'Obamacare' Medicaid Expansion Could Mean 100,000 New Idaho Enrollees



Leavitt Partners analyst Laura Summers addresses the health care working group.
  • Andrew Crisp
  • Leavitt Partners analyst Laura Summers addresses the governor's Medicaid health care working group today.

Idaho's Medicaid program could see between 90,000 and almost 105,000 new enrollees, according to a new study, should the state expand the program.

One of two health care working groups appointed by Gov. C.L. "Butch" Otter mulled those numbers today at the Department of Health and Welfare offices in Boise.

A key element of the Obama administration's Affordable Care Act includes the now-optional expansion of Medicaid services in all 50 states. The federal government will pay 100 percent of the cost for new enrollees for the first years of the expansion, which would include a segment of the population making slightly more than traditional Medicaid requirements.

Opponents are concerned states will be shouldered with funding part of the expansion in the future. Proponents advocate for covering the underserved segment of state populations to drive down costs to indigent care funds.

Prior to the U.S. Supreme Court's decision to strike down the Affordable Care Act's penalties for failing to expand Medicaid, Health and Welfare contracted with Washington, D.C.'s Leavitt Partners to study potential effects of expansion in Idaho.

"The contract began in April, and we finished the study in August," analyst Laura Summers told Boise Weekly.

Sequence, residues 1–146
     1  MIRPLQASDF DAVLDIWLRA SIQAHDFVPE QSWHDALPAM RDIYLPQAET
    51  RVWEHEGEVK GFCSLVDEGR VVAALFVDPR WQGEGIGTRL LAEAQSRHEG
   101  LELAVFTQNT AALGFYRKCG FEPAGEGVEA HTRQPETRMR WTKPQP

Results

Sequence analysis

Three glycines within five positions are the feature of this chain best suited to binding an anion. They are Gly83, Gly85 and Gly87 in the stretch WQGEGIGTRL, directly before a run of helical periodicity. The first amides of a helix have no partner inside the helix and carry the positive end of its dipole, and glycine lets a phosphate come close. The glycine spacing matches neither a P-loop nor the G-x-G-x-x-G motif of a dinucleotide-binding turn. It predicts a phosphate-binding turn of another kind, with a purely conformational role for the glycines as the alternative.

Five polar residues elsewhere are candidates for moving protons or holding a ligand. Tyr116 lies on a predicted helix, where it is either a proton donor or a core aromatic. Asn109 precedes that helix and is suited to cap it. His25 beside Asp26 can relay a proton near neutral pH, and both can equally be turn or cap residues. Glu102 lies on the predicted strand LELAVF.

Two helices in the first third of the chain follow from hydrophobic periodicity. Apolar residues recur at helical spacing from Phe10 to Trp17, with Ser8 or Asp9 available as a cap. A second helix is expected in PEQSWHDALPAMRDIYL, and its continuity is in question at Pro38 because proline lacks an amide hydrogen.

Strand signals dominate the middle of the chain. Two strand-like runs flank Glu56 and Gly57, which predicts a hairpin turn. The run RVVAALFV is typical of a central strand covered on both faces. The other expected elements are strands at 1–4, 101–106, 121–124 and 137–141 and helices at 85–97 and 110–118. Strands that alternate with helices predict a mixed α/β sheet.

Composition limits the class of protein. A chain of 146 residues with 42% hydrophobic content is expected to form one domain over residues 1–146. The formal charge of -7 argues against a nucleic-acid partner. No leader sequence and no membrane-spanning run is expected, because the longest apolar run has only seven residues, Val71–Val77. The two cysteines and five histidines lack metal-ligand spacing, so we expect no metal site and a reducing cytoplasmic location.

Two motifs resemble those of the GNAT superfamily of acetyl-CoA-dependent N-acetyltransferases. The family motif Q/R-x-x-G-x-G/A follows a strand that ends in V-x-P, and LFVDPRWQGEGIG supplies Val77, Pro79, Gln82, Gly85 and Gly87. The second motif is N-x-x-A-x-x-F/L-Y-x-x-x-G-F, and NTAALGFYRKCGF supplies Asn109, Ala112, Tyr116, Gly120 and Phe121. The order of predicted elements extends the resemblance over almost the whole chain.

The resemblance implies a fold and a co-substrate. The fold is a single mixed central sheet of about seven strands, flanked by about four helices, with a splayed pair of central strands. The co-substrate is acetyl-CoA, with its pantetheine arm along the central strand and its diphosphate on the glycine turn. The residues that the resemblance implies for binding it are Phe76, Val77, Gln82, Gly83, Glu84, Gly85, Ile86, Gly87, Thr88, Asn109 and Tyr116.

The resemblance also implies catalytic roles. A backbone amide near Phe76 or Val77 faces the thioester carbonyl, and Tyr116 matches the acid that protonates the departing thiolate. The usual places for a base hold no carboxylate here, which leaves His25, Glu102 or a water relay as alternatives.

Leavitt Partners looked at numbers provided by Health and Welfare, including Idahoans exiting the corrections system, using health services at Community Health Centers, an indigent medical services fund, and those using mental health services. They arrived at an estimate of what Medicaid expansion could mean for Idaho.

According to Summers, the expansion population would include motly single adults, with 62 percent being childless. Most have not had regular access to care and have significant health conditions, including mental health issues.

"The majority will be poor," Summers told the panel. "They will have income below 100 percent of the federal poverty level."

They may also have pent-up need for care, said Summers. No costs for covering these individuals had yet been established. However, her final slide offered a glimpse. It listed other states that have already begun expanding their Medicaid offerings. Oregon's version, called Oregon Health Plan Standard, showed costs for coverage at $679 for adults and couples, with families at $329.


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